2016, Russo Brothers (Community) -- cinema
That knowledge of the comic story led me to wonder whether they would weave two key elements into the movie -- the aforementioned Skrull part, and the death of Captain America. I was OK with the lack of the former (Skrull analog was already used for the first Avengers movie), but I was sorely disappointed they didn't go with the latter. It would have been a great ending for the current age of Marvel movies. But, yes, I realize they have a vision (no, not him) for the coming movies and that does not fit into it. Alas, it would have been a great controversy. Better than Hydra Cap.
In case you don't know, the civil war is between half the Avengers and the other half of the Avengers. One half, led by a still traumatized Tony Stark supports oversight of all enhanced beings. The other side, led by the ever optimistic Captain America believes the Avengers will only be able to do what they do without any sort of control; self-oversight is how he sees it. But the world keeps on seeing them mixed up in very bad things.
This is the classic Doctor Who dillema -- are the bad things happening because the heroes are around (quoting Vision, "Our Very Strength Incites Challenge. Challenge Incites Conflict. And Conflict Breeds Catastrophe.") or would things be much much worse if the heroes were not. As has been the theme of a season of Agents of S.H.I.E.L.D., the world is afraid of all the emerging powers. And the world has to blame someone. Add new laws into this mix, and suddenly Tony has to arrest Cap.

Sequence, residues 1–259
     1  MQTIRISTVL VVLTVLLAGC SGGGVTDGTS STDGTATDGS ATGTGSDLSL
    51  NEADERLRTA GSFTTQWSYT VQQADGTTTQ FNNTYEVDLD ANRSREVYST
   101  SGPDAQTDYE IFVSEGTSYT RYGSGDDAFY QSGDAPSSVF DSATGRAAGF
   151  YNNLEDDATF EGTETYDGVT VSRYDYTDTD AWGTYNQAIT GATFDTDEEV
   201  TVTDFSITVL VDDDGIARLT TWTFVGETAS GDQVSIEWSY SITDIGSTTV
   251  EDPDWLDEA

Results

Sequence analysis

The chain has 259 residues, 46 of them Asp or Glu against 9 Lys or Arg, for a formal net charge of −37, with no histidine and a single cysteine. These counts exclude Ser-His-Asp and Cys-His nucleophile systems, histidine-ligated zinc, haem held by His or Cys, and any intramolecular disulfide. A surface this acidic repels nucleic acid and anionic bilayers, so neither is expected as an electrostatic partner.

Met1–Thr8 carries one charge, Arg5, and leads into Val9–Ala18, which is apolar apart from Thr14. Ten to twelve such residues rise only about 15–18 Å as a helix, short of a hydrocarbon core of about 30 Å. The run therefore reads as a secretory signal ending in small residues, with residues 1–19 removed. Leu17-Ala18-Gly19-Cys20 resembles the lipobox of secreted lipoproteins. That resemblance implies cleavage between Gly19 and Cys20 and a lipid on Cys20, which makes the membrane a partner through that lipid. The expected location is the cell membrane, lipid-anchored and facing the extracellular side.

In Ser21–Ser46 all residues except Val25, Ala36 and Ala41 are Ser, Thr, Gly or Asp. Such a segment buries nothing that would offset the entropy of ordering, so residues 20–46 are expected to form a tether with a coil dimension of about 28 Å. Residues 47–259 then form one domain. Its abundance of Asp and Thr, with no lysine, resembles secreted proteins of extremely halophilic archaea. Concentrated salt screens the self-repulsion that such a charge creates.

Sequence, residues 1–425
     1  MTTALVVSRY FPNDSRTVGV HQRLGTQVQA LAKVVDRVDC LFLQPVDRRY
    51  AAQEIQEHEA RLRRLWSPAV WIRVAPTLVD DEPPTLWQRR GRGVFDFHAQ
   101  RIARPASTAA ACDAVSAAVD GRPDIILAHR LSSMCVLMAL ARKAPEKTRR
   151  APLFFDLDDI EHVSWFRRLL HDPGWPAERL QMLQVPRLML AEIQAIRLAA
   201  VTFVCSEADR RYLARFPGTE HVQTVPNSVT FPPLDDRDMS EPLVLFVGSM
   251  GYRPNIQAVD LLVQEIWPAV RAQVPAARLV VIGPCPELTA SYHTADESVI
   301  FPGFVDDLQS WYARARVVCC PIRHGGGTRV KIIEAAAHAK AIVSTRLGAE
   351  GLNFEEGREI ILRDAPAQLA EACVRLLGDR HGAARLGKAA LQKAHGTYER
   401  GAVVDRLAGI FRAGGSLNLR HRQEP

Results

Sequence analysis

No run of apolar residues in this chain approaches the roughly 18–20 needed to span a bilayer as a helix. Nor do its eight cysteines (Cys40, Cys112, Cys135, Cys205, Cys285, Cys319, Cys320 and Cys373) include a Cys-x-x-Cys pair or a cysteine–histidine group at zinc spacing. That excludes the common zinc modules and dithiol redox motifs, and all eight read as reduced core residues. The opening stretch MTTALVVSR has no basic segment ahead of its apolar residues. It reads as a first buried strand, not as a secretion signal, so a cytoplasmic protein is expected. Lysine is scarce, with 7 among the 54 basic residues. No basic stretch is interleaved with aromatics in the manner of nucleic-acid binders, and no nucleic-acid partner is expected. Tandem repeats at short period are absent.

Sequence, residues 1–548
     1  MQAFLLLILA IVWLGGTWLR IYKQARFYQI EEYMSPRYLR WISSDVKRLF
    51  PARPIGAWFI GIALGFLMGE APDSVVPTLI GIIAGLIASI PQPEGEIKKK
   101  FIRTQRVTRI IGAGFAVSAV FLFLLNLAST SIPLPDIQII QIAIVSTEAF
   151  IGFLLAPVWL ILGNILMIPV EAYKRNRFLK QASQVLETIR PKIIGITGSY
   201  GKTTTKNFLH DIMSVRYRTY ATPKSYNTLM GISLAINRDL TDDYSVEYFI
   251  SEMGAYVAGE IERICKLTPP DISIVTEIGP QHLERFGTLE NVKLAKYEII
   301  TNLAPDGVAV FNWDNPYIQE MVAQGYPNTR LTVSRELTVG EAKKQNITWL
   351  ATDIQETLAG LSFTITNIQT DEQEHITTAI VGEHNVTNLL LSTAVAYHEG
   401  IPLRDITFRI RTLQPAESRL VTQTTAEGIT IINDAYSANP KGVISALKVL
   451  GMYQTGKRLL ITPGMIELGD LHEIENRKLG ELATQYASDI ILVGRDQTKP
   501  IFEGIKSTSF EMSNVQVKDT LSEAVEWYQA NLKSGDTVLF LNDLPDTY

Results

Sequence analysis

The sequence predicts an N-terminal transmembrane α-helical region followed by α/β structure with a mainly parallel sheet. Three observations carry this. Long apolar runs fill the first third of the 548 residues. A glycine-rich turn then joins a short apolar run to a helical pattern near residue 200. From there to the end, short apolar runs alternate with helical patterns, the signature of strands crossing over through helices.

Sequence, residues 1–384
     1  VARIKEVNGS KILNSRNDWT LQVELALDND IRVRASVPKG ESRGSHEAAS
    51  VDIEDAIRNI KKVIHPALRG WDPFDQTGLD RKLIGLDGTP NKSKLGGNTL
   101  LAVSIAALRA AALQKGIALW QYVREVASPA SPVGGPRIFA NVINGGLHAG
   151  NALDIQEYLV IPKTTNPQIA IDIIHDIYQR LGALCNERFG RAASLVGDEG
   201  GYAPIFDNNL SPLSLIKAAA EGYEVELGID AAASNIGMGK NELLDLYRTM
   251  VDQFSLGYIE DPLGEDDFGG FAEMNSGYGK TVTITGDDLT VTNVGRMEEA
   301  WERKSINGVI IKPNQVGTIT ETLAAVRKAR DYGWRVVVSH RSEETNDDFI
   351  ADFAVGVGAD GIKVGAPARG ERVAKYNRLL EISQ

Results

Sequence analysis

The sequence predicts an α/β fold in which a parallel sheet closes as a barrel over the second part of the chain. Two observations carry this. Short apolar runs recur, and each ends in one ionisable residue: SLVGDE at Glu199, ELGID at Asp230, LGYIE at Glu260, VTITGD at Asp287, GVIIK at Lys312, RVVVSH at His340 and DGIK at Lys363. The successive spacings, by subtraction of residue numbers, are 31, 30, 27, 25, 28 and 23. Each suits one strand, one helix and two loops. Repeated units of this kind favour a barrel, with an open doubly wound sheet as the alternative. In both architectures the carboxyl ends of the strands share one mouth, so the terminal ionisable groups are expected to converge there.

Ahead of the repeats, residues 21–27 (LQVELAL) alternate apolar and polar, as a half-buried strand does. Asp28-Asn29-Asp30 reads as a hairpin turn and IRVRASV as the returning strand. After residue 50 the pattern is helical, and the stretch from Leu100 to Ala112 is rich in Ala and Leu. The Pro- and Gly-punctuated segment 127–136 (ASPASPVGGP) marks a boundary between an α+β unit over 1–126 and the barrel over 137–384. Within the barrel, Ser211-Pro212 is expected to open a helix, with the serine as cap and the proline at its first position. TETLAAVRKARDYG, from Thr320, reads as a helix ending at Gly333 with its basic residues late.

The thing is, I kind of agree with Tony. In fact, it goes to show a lot of thought in the writing that we are torn between believing in either of the two. Super powered vigilantes or the only people with the power to protect us? I want to side wholeheartedly with Captain America but the problem is that not everyone has such a well stamped moral code like he does. The problem with the other side, and we see it escalate very quickly, is that people with less than stellar moral agendas will enforce that oversight. It's a lose lose situation.
I found myself deeply entrenched in this moral debate, the first third of the movie, but once the overly cartoony super heroics started onscreen, I fell out of it. The battle in Nigeria is incredibly vibrant full of the expected crunches enhanced strength allows. There was a bit wriggly, too-fast scene editing but you could feel the weight of the fight. Then that car chase scene. There is nothing I hate more than a running scene where the body is moving quicker than the movement of the feet. It looks like they are hanging from wires and being swooped along. And those few scenes when a completely rubbery Black Panther jumps onto the screen. It is supposed to depict how lithe he is, but ends up feeling like a scene from Toy Story. They are supposed to be living action figures, but not literal ones. Still, once the battle at the airport happened, I forgave the FX crew.
In the end we have another decent spy story mixed in with a ensemble super hero action movie. So many characters, but one focused plot. The only real side plots are Tony setting up Spider-Man as his ace in the hole, and the entry of Wakanda and Black Panther into the Marvel cinematic universe. The civil war may fade out by the end of the movie, but the Sokovia Accords are still in place, which should have interesting play out in which ever movie comes next, not including anything Thor/offworld based. If anything disappointed me, it was the whole Zemo reveal which was very anti-climactic considering how much effect it will have on the world.